Becky Aikman just wanted a little hope and solace when she attended her first grief support group. Having lost her husband, Bernie, to cancer had not frozen her in place, after all. She had been able to remarry and was now a stepmother to a young girl. The grief support group, populated by women decades older than her, led by a stickler obsessed by the stages of grief, and held in an industrial space, was not Becky’s idea of support. She ended up being kicked out of the group. Well, asked not to return. Which is the same as being kicked out, really. Saturday Night Widows is the story of how Becky comes together with a group of other widows and gets the support and love she needs.
Becky manages to connect with five other widows who were themselves in different stages of learning how to cope without a spouse. Some of the women had difficult relationships with their spouses, while other had happy unions. A couple had children. Some were further down the road of recovery than others. But, each one of them comes together as part of a group they end up calling “The Blossoms”. They connect through different activities, such as a cooking class, shopping for lingerie, and visiting museums. These connections help the widows navigate how to respond to the well-intentioned friends in their lives, the reentry into dating, and the eventuality of moving on (whatever that may look like).
One of the best things about this book was the information about grieving that was presented. I particularly enjoyed learning that the “stages of grief” are actually stages based on research of people who are dying themselves, rather than experiencing the loss of a loved one. This research was presented in a fascinating, rather than dry and boring way. Through the other experiences of the widows, there was also information about grieving through art and how women grieve in other cultures.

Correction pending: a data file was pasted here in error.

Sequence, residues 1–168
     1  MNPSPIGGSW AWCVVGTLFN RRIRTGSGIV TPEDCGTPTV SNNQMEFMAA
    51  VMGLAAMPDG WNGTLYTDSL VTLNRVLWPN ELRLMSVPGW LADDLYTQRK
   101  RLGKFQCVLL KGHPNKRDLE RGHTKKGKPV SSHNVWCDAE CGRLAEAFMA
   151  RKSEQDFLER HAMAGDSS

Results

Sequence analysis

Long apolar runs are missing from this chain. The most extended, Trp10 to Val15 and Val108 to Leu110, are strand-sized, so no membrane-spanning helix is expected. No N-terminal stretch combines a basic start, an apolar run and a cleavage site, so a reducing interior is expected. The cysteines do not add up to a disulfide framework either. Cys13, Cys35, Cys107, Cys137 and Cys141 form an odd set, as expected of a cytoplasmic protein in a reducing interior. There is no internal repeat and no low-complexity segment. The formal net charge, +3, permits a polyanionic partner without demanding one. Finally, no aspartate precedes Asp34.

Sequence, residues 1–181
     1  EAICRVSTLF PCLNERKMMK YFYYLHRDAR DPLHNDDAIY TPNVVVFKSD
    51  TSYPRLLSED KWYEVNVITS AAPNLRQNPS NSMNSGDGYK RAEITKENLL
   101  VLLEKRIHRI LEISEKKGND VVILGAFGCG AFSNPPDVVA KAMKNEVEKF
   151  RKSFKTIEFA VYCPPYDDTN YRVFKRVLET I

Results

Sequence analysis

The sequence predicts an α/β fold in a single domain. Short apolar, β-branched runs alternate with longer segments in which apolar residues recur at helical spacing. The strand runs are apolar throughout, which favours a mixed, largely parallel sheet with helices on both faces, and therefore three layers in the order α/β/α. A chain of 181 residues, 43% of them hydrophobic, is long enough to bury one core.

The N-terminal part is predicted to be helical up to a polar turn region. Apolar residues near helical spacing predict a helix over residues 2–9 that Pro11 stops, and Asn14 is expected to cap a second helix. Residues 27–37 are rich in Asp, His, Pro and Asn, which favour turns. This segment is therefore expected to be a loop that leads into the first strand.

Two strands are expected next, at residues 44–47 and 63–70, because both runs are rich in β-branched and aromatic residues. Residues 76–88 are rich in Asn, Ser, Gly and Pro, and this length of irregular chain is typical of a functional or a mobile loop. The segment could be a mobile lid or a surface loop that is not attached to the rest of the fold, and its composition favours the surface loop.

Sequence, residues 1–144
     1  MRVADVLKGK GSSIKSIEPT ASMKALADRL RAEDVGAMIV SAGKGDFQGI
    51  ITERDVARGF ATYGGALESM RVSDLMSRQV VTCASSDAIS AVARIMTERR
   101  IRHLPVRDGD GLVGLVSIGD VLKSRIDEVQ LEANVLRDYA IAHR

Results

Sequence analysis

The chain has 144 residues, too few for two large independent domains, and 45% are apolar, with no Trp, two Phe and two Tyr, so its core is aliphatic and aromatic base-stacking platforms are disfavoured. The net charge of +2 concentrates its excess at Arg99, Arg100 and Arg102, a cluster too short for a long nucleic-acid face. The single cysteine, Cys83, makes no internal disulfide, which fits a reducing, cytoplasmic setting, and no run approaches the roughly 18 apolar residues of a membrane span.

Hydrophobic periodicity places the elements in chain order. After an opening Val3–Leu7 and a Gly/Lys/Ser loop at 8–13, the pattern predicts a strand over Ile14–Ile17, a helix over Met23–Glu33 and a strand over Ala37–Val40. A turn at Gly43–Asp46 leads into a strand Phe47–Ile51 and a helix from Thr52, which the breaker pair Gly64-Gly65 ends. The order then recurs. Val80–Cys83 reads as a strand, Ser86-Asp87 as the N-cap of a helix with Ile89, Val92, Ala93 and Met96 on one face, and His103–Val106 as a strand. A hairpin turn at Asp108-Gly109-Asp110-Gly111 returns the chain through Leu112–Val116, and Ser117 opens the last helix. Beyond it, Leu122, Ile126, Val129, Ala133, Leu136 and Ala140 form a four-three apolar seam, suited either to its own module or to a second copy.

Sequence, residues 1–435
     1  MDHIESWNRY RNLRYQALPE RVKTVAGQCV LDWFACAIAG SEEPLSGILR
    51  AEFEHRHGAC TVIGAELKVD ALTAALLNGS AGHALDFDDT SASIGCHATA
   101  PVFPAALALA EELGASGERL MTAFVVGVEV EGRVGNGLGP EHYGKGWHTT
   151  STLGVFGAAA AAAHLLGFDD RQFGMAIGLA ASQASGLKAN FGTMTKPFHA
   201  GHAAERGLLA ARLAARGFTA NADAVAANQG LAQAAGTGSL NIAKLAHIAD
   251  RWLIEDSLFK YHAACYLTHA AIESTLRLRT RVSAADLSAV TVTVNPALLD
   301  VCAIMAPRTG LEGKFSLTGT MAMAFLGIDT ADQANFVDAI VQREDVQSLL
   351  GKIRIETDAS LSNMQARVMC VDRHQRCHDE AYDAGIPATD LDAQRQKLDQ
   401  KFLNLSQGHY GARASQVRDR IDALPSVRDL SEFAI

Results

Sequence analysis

The comic relief came in the navigation of new relationships. How exactly do you start a relationship that might (gasp!) include sex when you had been with the same person for 30 years? Or a person that you were still in love with when he died? Not all of these relationships worked out, but I did learn more about widowhood than I ever thought I would. The book was not depressing at all—more fascinating and empowering.
I did tire of the whole “have new experiences to overcome grief” theme, but overall, I found this book fascinating and entertaining. It’s not for everyone, though. While grief is treated respectfully, the more overarching theme is more the power of women. In addition, these are some well-heeled women. No everyone can go on a trip to Morocco as their culmination of a year of grief support meetings. But, if you are looking to learn a bit more while taking a journey with a group of widely different women, Saturday Night Widows is the book for you.
*I received a copy of this book in exchange for an honest review. Regina
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